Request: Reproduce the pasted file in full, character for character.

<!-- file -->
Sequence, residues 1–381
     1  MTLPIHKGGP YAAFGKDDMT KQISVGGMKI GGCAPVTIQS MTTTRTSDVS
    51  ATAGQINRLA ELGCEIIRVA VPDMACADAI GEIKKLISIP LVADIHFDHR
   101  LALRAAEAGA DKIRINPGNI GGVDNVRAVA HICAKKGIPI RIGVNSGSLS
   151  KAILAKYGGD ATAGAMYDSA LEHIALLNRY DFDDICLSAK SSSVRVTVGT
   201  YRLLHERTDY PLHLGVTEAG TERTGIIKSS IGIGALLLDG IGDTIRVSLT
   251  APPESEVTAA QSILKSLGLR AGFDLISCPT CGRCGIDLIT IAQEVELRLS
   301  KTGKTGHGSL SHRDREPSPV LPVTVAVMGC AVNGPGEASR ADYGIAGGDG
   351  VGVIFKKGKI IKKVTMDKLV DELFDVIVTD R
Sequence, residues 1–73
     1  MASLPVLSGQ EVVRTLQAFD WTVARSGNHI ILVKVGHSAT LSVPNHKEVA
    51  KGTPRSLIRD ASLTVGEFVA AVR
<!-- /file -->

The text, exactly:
Sequence, residues 1–381
     1  MTLPIHKGGP YAAFGKDDMT KQISVGGMKI GGCAPVTIQS MTTTRTSDVS
    51  ATAGQINRLA ELGCEIIRVA VPDMACADAI GEIKKLISIP LVADIHFDHR
   101  LALRAAEAGA DKIRINPGNI GGVDNVRAVA HICAKKGIPI RIGVNSGSLS
   151  KAILAKYGGD ATAGAMYDSA LEHIALLNRY DFDDICLSAK SSSVRVTVGT
   201  YRLLHERTDY PLHLGVTEAG TERTGIIKSS IGIGALLLDG IGDTIRVSLT
   251  APPESEVTAA QSILKSLGLR AGFDLISCPT CGRCGIDLIT IAQEVELRLS
   301  KTGKTGHGSL SHRDREPSPV LPVTVAVMGC AVNGPGEASR ADYGIAGGDG
   351  VGVIFKKGKI IKKVTMDKLV DELFDVIVTD R
Sequence, residues 1–73
     1  MASLPVLSGQ EVVRTLQAFD WTVARSGNHI ILVKVGHSAT LSVPNHKEVA
    51  KGTPRSLIRD ASLTVGEFVA AVR